8. Close the jar tightly and store it in a dark place for 3 weeks.
9. After 3 weeks, strain the oil into an amber bottle and use within 2 weeks.

As with most natural ingredients, hazelnut oil may cause certain side effects in some. Read on to know more.

Side Effects Of Hazelnut Oil

Woman using hazelnut oil with a dropper
Image: Shutterstock

Hazelnut oil is generally considered safe for consumption and topical application. However, there is not enough research to guarantee its safety. In an unpublished study, hazelnut oil displayed no irritating effects on 20 patients who were prone to cosmetic contact allergy (29).

It is advised to avoid hazelnut oil if you have any kind of nut allergy or sensitive skin. Hazelnut contains proteins similar to that of pollen allergens. If you have pollen allergies, hazelnut oil might not suit your skin. Perform a patch test on the back of your neck or under your forearm to ensure no harmful or adverse effects occur.

Some adverse reactions that might occur on using hazelnut oil include:

  • Redness
  • Burning sensations
  • Discomfort
  • Swelling
  • Scaling
  • Breakouts
  • Acne or skin condition flare-ups

If you do feel any discomfort, inflammation or irritation, wash the oil and consult a dermatologist immediately.

Infographic: Benefits Of Hazelnut Oil For Skin + How To Use It

Hazelnut oil is rich in essential fatty acids, antioxidants, and vitamins, which boost collagen production and provide skin hydration. So, if you want to learn more about how it improves your overall skin health and ways to incorporate it into your skincare routine, check out this infographic to know more!

benefits of hazelnut oil for skin + how to use it (infographic)

Illustration: StyleCraze Design Team

Using hazelnut oil for the skin has many benefits. This plant-based and organic oil may help moisturize skin and prevent sun damage. Its anti-aging properties may slow down premature signs of aging and help retain your youthful beauty. It is also non-comedogenic, which may help manage the symptoms of rosacea, dermatitis, and acne. In addition, anecdotal evidence suggests that pure hazelnut oil can smoothen and soften the skin, boost its radiance, and improve its overall texture. However, ensure to do a patch test before using this oil on your skin. If you notice rashes and irritation, stop using it and consult a doctor immediately.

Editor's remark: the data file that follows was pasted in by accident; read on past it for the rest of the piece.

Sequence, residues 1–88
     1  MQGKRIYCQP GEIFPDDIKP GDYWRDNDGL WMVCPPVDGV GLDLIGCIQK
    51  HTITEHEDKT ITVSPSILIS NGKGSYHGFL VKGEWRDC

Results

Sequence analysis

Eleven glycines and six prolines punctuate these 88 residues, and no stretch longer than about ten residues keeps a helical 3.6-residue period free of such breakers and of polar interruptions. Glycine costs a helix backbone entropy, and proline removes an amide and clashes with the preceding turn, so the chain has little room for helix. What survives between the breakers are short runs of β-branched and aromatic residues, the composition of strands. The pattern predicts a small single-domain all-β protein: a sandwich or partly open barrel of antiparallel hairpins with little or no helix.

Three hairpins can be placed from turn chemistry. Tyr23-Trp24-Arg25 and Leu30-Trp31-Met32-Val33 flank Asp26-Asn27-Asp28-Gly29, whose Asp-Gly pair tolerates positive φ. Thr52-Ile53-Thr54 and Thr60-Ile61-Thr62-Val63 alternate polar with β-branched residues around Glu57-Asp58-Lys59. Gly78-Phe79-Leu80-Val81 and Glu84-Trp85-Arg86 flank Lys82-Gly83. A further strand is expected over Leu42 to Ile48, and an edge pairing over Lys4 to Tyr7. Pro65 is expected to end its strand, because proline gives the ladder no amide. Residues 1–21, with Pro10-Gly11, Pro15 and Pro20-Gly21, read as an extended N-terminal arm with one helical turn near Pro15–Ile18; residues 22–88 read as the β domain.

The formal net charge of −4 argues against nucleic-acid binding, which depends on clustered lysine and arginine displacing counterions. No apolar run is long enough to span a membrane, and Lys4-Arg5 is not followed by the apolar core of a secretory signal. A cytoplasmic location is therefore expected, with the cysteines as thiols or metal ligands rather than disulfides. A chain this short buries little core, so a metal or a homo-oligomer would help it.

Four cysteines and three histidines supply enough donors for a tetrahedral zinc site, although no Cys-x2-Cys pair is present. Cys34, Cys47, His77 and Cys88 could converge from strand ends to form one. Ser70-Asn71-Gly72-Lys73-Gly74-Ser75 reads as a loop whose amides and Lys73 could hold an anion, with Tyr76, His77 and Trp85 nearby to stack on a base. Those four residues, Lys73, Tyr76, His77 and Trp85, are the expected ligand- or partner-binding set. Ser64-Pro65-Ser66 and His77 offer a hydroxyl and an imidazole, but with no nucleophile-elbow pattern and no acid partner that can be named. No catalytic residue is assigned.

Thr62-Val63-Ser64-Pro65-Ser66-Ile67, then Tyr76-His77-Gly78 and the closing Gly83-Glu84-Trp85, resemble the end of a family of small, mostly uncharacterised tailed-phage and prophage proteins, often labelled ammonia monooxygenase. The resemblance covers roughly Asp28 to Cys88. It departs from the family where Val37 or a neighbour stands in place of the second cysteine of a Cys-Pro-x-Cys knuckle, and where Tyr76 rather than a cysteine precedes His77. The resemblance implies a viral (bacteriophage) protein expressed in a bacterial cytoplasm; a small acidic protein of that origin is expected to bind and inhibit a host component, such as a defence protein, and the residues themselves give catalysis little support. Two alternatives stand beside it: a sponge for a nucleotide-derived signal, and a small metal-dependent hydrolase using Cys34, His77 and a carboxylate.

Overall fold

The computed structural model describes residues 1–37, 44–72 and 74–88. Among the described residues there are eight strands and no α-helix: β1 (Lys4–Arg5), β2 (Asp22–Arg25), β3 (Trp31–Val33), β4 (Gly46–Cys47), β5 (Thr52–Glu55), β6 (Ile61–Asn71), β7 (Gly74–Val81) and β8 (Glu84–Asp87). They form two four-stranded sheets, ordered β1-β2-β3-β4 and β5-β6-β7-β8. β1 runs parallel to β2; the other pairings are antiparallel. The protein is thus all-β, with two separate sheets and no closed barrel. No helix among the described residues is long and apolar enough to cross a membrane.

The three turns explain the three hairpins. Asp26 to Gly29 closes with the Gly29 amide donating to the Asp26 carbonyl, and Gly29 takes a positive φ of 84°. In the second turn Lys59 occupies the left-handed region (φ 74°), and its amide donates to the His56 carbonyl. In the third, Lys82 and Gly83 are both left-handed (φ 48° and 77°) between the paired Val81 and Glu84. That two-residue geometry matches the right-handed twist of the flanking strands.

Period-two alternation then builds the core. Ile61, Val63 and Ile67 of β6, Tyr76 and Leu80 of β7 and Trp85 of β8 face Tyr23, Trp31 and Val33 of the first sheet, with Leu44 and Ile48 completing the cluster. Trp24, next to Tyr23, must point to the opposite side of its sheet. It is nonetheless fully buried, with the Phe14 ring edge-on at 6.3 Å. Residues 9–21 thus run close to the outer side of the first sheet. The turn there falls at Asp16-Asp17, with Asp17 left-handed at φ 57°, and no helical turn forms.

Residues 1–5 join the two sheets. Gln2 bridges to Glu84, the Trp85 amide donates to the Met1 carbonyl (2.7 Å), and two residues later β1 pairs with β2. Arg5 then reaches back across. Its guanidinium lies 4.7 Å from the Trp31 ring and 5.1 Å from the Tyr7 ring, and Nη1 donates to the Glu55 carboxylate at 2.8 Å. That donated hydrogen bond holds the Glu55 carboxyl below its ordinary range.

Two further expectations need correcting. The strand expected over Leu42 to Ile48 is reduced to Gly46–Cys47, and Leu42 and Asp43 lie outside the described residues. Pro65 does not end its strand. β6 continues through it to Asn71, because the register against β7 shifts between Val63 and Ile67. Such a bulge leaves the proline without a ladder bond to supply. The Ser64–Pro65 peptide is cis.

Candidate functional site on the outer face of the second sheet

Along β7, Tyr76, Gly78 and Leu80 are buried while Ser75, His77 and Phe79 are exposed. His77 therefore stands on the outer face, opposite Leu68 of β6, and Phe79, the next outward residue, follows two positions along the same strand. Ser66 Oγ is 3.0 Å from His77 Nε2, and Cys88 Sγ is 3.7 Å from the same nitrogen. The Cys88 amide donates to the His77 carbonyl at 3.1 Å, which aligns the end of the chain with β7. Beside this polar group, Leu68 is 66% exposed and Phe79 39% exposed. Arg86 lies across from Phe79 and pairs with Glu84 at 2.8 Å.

Frequently Asked Questions

What does hazelnut oil smell like?

Hazelnut oil has a mild, nutty, and sweet scent.

How do you store hazelnut oil?

You should store hazelnut oil in a cool place away from direct sunlight. Once opened, you can store hazelnut oil in the refrigerator. While the refrigeration may cause the oil to solidify, you can keep the oil out for one or two hours to bring it back to room temperature.

Does hazelnut oil expire?

Yes, hazelnut oil can only last between 9 to 12 months if properly stored.

Key Takeaways

  • Hazelnut is a non-greasy moisturizing oil with fatty acid content similar to olive oil.
  • It has high antioxidant properties that protect the skin from UV radiation and free radical damage.
  • Astringent action and non-comedogenic properties make it an effective moisturizer for acne-prone or oily skin types.
  • It can be used on its own or in combination with other carrier oils or essential oils.

Hazelnut oil for skin

Image: Stable Diffusion/StyleCraze Design Team


Articles on StyleCraze are backed by verified information from peer-reviewed and academic research papers, reputed organizations, research institutions, and medical associations to ensure accuracy and relevance. Read our editorial policy to learn more.

  1. Chemical Characterization Of Major And Minor Compounds Of Nut Oils: Almond, Hazelnut, And Pecan Nut
  2. Developing Hazelnut Germplasm For The Upper Midwest
  3. Kernel Nutrient Composition and Antioxidant Ability of Corylus spp. in China